Alaska’s Senate broke an impasse this week to pass a $2.8 billion capital budget.
The passage of the capital budget appears to signal an end to a stalemate between Gov. Sean Parnell and lawmakers over how to spend a budget surplus.
The previous impasse led the Republican governor to use special constitutional powers for the first time ever to adjourn the Legislature after its session hit a voter-mandated 90-day limit Sunday. He then called a special session that ends on May 17.
The main sticking point between Parnell and the Senate was about proposed oil tax cuts. The Senate put language in the budget bill that would kill funding for all proposed energy projects if the governor vetoed a single one. Parnell had threatened vetoes to the $3 billion capital budget, which is packed with energy projects, if the Senate didn’t pass an oil tax cut.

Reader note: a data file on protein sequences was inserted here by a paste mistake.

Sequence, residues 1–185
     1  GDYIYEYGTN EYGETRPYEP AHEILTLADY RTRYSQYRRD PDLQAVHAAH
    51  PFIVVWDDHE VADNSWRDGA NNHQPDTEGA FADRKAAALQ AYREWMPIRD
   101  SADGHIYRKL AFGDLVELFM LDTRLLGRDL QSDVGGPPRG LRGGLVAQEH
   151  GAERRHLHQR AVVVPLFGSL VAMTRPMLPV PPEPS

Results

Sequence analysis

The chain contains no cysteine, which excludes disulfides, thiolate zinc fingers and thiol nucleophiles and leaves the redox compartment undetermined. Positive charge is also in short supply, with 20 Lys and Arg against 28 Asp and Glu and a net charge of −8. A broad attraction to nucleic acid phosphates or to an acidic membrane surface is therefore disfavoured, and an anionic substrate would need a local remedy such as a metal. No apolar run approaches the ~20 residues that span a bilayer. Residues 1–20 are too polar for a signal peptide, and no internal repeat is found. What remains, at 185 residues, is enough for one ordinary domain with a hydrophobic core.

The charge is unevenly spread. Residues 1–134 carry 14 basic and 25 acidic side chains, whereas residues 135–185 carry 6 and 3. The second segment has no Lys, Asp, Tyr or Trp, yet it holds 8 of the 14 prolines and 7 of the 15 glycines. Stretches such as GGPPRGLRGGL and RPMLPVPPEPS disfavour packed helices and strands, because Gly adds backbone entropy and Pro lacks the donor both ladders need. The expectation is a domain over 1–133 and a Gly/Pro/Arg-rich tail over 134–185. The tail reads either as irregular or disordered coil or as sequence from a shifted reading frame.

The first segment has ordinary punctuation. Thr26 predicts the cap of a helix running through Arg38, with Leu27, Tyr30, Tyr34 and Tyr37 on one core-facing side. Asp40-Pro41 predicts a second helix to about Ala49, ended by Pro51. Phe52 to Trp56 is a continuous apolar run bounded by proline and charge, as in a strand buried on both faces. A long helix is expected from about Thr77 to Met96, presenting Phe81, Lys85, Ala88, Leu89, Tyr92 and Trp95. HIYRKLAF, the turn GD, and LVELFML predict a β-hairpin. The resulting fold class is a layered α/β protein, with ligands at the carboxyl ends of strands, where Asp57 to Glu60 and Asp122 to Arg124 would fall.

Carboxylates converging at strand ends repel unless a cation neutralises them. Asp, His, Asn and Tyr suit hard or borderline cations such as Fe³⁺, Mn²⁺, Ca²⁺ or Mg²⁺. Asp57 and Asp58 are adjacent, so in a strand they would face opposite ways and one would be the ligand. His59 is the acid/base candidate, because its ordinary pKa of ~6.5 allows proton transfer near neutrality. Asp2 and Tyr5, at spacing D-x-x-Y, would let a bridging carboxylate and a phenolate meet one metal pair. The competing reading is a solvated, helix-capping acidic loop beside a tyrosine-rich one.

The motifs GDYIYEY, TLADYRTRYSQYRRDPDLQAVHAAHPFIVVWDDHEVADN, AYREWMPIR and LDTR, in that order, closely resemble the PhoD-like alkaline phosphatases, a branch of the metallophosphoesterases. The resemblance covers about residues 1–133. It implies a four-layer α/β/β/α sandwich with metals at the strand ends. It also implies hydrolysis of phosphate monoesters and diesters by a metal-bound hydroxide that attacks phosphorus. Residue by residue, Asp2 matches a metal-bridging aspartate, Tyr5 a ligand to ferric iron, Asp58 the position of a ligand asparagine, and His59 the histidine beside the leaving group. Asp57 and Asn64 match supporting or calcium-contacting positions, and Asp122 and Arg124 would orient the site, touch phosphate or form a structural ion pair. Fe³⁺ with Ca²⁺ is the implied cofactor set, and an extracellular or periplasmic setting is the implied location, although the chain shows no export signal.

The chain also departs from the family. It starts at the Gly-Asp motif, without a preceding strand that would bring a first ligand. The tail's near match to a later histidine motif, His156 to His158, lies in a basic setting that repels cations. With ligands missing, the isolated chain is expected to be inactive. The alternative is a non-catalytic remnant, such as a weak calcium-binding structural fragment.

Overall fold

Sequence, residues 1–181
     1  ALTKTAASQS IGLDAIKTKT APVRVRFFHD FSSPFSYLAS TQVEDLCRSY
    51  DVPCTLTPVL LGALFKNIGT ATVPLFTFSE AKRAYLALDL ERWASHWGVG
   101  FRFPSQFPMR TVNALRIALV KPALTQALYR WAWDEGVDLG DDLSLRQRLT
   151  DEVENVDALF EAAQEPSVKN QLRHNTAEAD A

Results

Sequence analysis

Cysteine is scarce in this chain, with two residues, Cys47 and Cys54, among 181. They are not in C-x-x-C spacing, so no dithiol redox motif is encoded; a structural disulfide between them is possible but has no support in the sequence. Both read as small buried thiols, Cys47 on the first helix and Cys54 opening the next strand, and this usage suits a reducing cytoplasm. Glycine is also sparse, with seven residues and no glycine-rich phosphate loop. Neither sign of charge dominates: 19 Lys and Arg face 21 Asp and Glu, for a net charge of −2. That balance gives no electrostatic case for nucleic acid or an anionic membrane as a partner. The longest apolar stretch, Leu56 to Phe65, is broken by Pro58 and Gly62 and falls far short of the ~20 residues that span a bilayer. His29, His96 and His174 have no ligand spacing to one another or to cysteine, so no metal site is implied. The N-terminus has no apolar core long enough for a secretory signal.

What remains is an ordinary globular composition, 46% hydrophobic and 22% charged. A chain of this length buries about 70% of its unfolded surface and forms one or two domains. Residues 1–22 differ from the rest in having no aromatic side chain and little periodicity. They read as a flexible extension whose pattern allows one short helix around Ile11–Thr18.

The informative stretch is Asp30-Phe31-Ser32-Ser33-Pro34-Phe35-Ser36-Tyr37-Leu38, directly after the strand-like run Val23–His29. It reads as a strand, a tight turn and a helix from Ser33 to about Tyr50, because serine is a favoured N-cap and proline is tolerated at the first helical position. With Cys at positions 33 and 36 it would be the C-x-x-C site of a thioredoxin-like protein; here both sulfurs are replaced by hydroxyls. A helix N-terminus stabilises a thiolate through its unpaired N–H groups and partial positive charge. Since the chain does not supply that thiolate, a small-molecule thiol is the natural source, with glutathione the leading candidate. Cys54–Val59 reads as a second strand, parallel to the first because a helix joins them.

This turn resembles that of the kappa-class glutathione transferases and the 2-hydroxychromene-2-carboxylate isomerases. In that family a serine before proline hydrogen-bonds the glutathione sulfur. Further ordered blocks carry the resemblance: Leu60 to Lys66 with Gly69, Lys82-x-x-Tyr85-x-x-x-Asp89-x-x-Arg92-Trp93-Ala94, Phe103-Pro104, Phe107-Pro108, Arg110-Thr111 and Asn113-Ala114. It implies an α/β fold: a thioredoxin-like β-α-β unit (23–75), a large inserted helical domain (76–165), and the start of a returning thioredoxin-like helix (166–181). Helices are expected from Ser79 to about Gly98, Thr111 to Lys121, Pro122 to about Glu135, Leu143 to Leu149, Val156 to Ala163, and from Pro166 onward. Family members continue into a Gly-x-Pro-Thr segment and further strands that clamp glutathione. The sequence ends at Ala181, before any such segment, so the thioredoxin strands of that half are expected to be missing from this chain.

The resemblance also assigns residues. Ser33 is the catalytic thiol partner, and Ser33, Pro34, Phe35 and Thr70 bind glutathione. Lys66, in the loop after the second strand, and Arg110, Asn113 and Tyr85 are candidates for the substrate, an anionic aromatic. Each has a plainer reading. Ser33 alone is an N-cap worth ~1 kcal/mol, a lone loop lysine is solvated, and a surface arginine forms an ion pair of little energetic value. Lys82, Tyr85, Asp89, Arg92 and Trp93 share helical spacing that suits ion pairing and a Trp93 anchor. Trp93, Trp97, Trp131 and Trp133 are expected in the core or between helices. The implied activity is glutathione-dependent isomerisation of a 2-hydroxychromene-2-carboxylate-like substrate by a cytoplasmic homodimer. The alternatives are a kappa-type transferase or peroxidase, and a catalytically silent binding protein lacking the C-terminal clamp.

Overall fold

With the Senate’s passage of the capital budget, the two sides seem to have reached an agreement.
The Juneau Empire newspaper quoted Senate President Gary Stevens, R-Kodiak, as saying that the Senate had received assurances from Parnell that he would not be vindictive with his vetoes.
Parnell wants to cut taxes on oil companies to help increase production and thus economic activity in the state. Some oil executives and politicians have expressed fears that the Alaska oil pipeline could shut down in the near future without more oil production.
With a $3.4 billion surplus recently projected by the state Revenue Department because of high oil prices, lawmakers are considering a fiscal 2012 operating budget of around $9 billion.